Now the main loop. It will keep running the logic of your game as long as the window is not closed.
For each iteration we'll want to print something useful to the window. If your game is turn-based each iteration is a turn; if it's real-time, each one is a frame.
Now print a character to the coordinates (1,1). Can you guess what that character is? No, it doesn't move yet!
Don't forget the indentation at the beginning of the line, it's extra-important in Python. Make sure you don't mix tabs with spaces for indentation! This comes up often if you copy-and-paste code from the net, and you'll see an error telling you something about the indentation (that's a pretty big clue right there!). Choose one option and stick with it. In this tutorial we're using the 4-spaces convention, but tabs are easy to work with in many editors so they're a valid choice too.
Here we're setting the text color to be white. In RGB color codes, that's 255,255,255 There's a good list of colors you can use here, along with some info about mixing them and all that. Alternatively, we can use hexidecimal color codes. For white, that would be: 0xFFFFFF (note that there are no quotations around it, since Python will read it as a hexidecimal integer, not a string.)
At the end of the main loop you'll always need to present the changes to the screen. This is called flushing the console and is done with the following line.
Ta-da! You're done. Run that code and give yourself a pat on the back!
Note that since we don't have any input handling code, the game may crash on exit (it won't process the OS's requests to close). Oops! Don't worry though, this problem will go away as soon as we add keyboard support.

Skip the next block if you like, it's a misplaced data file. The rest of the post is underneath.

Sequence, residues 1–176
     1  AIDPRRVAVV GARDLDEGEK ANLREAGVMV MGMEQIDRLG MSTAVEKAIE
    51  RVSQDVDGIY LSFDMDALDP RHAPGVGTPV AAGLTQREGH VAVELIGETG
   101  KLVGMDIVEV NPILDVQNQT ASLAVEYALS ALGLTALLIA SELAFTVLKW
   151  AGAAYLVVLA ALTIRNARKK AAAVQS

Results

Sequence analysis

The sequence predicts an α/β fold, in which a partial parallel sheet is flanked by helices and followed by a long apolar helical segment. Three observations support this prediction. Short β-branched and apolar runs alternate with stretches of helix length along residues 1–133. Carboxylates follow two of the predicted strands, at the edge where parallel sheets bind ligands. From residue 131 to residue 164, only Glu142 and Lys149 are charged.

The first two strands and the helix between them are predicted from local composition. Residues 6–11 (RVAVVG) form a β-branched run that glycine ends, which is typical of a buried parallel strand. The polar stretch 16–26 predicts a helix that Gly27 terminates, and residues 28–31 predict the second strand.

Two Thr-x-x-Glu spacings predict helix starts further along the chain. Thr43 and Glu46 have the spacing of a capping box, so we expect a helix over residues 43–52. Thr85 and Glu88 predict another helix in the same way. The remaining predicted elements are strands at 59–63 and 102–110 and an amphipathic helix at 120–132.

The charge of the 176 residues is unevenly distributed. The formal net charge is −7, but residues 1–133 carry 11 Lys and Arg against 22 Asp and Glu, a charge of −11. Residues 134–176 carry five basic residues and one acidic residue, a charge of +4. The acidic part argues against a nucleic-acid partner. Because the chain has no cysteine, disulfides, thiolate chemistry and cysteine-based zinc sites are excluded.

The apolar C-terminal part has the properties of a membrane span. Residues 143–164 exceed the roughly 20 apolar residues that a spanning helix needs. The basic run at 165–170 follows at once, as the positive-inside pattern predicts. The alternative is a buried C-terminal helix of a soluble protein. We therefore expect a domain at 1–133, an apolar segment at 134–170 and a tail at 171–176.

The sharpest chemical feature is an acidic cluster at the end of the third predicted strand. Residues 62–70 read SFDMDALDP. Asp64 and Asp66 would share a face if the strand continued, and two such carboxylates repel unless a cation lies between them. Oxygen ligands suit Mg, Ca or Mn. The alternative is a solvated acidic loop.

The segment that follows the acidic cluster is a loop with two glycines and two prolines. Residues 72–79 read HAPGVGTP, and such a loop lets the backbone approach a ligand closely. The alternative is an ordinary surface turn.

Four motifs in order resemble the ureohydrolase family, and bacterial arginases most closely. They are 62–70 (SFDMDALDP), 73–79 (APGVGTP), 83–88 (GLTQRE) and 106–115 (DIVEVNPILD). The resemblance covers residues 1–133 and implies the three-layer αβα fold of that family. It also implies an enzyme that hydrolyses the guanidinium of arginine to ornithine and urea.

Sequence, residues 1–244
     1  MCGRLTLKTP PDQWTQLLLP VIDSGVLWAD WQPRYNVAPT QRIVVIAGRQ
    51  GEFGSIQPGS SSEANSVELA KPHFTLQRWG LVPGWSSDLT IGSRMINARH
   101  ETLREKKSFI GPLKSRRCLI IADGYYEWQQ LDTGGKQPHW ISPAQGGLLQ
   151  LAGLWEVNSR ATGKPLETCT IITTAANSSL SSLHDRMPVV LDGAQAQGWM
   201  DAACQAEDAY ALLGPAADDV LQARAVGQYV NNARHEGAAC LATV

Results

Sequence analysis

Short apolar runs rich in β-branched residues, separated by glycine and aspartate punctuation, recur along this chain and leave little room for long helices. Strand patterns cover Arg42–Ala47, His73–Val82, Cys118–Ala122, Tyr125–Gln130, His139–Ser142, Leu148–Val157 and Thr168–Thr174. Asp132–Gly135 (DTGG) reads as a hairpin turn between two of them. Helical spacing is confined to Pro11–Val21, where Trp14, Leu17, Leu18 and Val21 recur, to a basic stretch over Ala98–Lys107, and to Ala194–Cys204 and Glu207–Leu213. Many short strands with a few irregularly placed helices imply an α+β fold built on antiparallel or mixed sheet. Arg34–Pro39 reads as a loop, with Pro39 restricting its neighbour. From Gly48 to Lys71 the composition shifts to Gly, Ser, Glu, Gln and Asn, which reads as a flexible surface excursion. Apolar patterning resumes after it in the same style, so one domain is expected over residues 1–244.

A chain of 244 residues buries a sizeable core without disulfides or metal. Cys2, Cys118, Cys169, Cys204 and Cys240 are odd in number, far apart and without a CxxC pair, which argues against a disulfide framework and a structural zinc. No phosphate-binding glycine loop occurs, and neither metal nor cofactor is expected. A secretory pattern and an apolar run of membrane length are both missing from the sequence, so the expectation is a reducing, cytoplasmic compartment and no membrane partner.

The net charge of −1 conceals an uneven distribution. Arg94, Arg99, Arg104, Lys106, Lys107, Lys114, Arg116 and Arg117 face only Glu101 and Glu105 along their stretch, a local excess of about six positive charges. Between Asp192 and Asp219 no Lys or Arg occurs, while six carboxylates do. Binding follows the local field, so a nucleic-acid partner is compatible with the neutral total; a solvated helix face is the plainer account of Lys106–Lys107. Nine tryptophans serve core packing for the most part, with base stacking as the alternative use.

Here's the complete code so far.
That was pretty neat, huh? Now we're going to move around that @ with the keys!
First, we need to keep track of the player's position. We'll use these variables for that, and take the opportunity to initialize them to the center of the screen instead of the top-left corner. This can go just before the main loop.
There are functions to check for pressed keys. When that happens, just change the coordinates accordingly. Then, print the @ at those coordinates. We'll make a separate function to handle the keys.
Done! These are the arrow keys, if you want to use other keys here's a reference. Most codes are self-explanatory. KP stands for keypad.
While we're at it, why not include keys to toggle fullscreen mode, and exit the game? You can put this just above the movement keys.
From now on, we'll show code for a real-time game with a green background, and code for a turn-based game with a blue background.
So far, we've been writing a turn-based game. Then the game won't go on unless the player presses a key. So effectively you have a turn-based game now. However, we'll introduce another option at this point. If we comment out the line user_input = tdl.event.key_wait() and replace it with the following block of code, we'll have a real-time game:
This works because tdl.event.get() won't block the game.
Now, the main loop needs to call this function in order for it to work. If the returned value is True, then we "break" from the main loop, ending the game. The inside of the main loop should now look like this:
The reason why we draw stuff before handling key input is that, in a turn-based game, the first screen is shown before the first key is pressed (otherwise the first screen would be blank).
One more thing! If you try that, you'll see that moving you leave around a trail of little @'s. That's not what we want! We need to clear the character at the last position before moving to the new one, this can be done by simply printing a space there. Put this just before exit_game = handle_keys().
Here's a rundown of the whole code so far.